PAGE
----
Is it Possible to Cover Your University Costs as a Landlord?
It may appear a bizarre concept on the surface but student BTL mortgages do in exist, the idea being that with a ‘student mortgage’ you purchase a property with no down payment and earn money by renting it out to your friends.
Only because it is technically possible does not necessarily make it an appropriate pathway for most students; covering living costs is a real concern for most university attendees, but purchasing a property to rent out is not without its complexities.
An Interesting Proposition
Several small lenders have put together a range of innovative products aimed exclusively at students. Examples of which include Bath, Loughborough and Vernon building societies, all of which are providing students with the opportunity to buy a home with no deposit required.
Those taking advantage of the products will subsequently be able to rent space in their properties to other students in order to cover the mortgage payments.
‘Mortgages and students are not usually two things that you’d associate as a package,’ commented L&C Mortgages associate director, David Hollingworth.
‘Students are unlikely to have much if any income and therefore will always struggle to meet the primary requirement of a mortgage lender in demonstrating affordability to take on a mortgage,’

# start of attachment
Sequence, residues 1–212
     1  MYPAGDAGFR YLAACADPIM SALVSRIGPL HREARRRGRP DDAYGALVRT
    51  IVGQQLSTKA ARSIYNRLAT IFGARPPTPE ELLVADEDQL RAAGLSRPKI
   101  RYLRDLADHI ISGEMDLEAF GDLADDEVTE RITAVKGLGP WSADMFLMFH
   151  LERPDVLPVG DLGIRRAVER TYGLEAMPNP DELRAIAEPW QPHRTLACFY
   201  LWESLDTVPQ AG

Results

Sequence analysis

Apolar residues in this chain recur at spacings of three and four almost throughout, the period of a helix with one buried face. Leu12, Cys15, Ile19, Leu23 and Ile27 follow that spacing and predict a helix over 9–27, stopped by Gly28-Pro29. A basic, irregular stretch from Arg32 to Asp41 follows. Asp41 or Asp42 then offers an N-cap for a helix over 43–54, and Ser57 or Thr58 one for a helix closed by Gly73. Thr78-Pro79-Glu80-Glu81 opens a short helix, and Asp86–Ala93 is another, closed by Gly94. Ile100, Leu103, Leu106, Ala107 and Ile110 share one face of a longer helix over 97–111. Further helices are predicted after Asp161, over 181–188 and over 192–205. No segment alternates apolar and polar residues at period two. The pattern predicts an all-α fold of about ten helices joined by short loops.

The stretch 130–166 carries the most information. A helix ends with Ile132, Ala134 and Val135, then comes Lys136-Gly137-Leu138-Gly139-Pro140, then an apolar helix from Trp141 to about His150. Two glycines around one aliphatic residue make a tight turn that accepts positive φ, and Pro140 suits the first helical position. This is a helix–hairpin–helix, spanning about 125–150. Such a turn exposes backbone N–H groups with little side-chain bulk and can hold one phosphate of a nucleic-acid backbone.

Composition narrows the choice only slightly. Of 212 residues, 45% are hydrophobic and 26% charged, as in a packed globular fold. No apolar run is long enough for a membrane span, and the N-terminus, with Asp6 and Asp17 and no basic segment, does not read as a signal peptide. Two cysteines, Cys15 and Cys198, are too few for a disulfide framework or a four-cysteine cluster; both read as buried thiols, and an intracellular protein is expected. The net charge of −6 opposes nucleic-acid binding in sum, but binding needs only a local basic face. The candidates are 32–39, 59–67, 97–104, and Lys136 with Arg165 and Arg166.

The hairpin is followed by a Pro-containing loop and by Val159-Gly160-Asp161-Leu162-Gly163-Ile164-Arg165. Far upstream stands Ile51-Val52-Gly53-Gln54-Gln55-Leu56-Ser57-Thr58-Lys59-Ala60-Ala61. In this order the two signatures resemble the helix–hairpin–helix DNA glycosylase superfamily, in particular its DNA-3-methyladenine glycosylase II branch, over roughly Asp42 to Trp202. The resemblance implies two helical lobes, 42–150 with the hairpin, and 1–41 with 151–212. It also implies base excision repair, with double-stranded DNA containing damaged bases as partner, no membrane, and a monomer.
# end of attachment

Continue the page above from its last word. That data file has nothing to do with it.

‘They also aren’t likely to have a deposit to use a buy-to-let mortgage, let alone the minimum income or home ownership that many lenders would expect,’
‘These issues have seen some lenders offering students a chance to buy a property rather than rent – but with the help of their parents.’
How the Scheme Works
Eligible applicants are offered a loan to purchase a property with an LTV of 100%, meaning no deposit is required. A guarantor is required to co-sign the mortgage agreement along with the student, typically a family member.
The funds can subsequently be used to purchase a property and rent out spare rooms to friends or other students. From which, monthly payments are collected to both cover the mortgage repayments and make money to cover the owner’s living costs.
‘’The mortgage amount is based on the rental income the property could yield from letting out of the spare rooms.
‘The guarantor will be on the mortgage deeds but not on the property deeds, and their income can be used to help the application,’ explains Chris Sykes, associate director and mortgage consultant at Private Finance.
‘If no deposit is available then the guarantor can either put money on account with the lender to the value of 20 per cent of the mortgage, or they can use their own home as security for the loan.’
An attractive initiative, but must be carefully considered from a longer-term perspective. The ongoing costs of homeownership are at an all-time high in the UK, as are those of running a BTL business of any kind.
Anyone interested in becoming a student landlord is therefore advised to seek independent broker support, in order to establish their suitability and determine whether it is something they can realistically afford.